bar cart with bottles
Pottery Barn

This article was provided by Kitchen Science.

For some people, a bar cart is a symbol of prestige. It’s a piece that instantly creates an atmosphere of luxury and sophistication in any space. For others, it’s a vital element for entertaining guests at home. But before you can do that, you need to set up and stock your bar cart with everything you need for a successful evening. Here’s how to do it.

Choose Your Bar Cart

The options for your bar cart are practically endless. Aside from the style of your home, you should also think about how it’s configured. 

For example, some have multiple shelves dedicated exclusively to glassware. In contrast, others come with designated spots for tools and other paraphernalia that may be necessary during a party (such as ice buckets).

You might want more than one shelf if you plan on storing tall bottles on your cart. This way, they won’t take up too much space or get knocked over by guests. If you regularly entertain, or want something that can be moved from inside to outdoors when the weather’s nice, then you might require something with wheels. Think about how you plan to use your cart, and purchase accordingly.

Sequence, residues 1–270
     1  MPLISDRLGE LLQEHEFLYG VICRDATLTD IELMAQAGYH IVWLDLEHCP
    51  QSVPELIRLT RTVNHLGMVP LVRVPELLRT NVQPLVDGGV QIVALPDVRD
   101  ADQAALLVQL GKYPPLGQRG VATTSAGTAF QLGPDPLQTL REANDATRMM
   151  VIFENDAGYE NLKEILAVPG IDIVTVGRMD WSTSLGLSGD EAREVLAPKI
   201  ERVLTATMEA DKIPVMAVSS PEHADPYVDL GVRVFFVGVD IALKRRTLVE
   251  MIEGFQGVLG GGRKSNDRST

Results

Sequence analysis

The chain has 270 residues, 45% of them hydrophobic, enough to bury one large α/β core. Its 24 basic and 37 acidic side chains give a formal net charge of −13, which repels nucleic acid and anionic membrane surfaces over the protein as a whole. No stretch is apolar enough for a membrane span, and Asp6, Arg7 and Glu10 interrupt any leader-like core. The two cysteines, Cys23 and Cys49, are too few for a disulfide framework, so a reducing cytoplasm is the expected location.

liquor bottles for a bar cart

Stock Essential Spirits and Mixers

The first rule of stocking your bar is to choose spirits you enjoy. The selection may expand or change over time, and soon a simple drink can be an opportunity for experimentation with different flavors and textures in one glass. If you’re just getting started, consider these classic spirits to include in your bar cart:

  • Whiskey — Evenings by the fire beg for whiskey. Bourbon and rye are great for cocktails, while scotch is perfect for sipping. Throw in some Irish, too, if you want to increase your selection. Whiskey enthusiasts will enjoy the opportunity to try the spirit’s many different styles, from oaky bourbon to smoky scotch.
  • Vodka — Clear in color with a more neutral taste, vodka is a popular option for simple mixed drinks like the Vodka Tonic and Moscow Mule, so make sure to have a bottle on hand.
  • Gin — Gin’s bright botanical flavor pairs beautifully with citrus and other ingredients like cucumber or mint. It’s also a requirement for classic cocktails like the Martini, Gimlet and Gin and Tonic.
  • Tequila — Tequila is a fun choice when hosting Latin-inspired dinners or pool parties. Unaged blanco tequila is best for Margaritas, while reposado and añejo expressions are great for sipping.